Updated: Aug 18, 2020
IQRA ALI | LEGAL JARGON WRITER
The start of July this year saw a rise in M&A following blockbuster deals that were recently finalised. The COVID-19 pandemic had forced companies to postpone (and even cancel) transactions, but we’re beginning to see them get back on the road. Clearly, large companies are preparing themselves for a recession by signing deals that would brighten their market value in the near future.
Amongst the eight blockbuster deals that have taken place since July is the $20bn sale of chipmaker Maxim Integrated Products to Analog Devices as well as Seven & i Holdings’ $21bn deal to buy Marathon Petroleum’s Speedway petrol stations business.
The crisis had brought M&A to a somewhat halt as businesses found acquisitions no longer attractive. An example of this is the $2.3bn deal between Cineworld and Cineplex that was due to complete in June. Cineworld had abandoned the acquisition because the market value of Cineplex meant that it was no longer an attractive chain.
Share prices seem to be recovering which has attracted more deals between parties. While the need for increased due diligence and security remains, it looks like businesses that have long-standing relationships with one another may well sign the deal that they had paused following the health crisis.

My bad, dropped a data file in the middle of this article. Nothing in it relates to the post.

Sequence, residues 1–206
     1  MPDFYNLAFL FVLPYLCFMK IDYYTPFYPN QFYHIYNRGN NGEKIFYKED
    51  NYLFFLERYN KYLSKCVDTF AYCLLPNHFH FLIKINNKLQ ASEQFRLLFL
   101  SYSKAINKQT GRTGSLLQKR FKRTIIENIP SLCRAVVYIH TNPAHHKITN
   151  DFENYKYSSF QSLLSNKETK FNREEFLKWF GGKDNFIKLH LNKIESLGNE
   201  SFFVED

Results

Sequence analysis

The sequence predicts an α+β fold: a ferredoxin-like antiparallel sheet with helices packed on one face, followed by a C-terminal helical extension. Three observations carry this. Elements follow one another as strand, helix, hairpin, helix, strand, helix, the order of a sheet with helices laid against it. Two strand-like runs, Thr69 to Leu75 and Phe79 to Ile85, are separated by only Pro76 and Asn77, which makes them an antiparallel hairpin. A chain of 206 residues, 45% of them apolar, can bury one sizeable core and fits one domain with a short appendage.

How might this impact the commercial world?
It is clear that there’s a domino effect when it comes to the commercial world. A potential risk in one transaction might deter other transactions pulling through. A surge in M&A therefore means more businesses and investors will be willing to trust each other. Although a need for increased security is a given, analysing how other deals were successfully signed might encourage more investors to operate in a similar way.
It also escalates the bidding culture. We saw that M&S and Next were amongst the companies bidding to acquire Victoria’s Secret earlier this year. While Next won the race, it sparks a move for companies to continue racing in the commercial world to get the best deals.
What might be the possible legal implications?
M&A is at the heart of the vast majority of commercial law firms. Big transactions are where firms generate a lot of money from. More deals pulling through increases M&A work for law firms to be getting on with. For example, investors will need increased security and so they will seek legal advice on how to best approach such a complex situation. There will be a further need for lawyers as they complete the intensive due diligence as part of these large deals.
M&A has always been huge in the commercial world. Following the pandemic, it will only get bigger.
Iqra is an aspiring commercial lawyer and will have completed her LPC by the end of August 2020.
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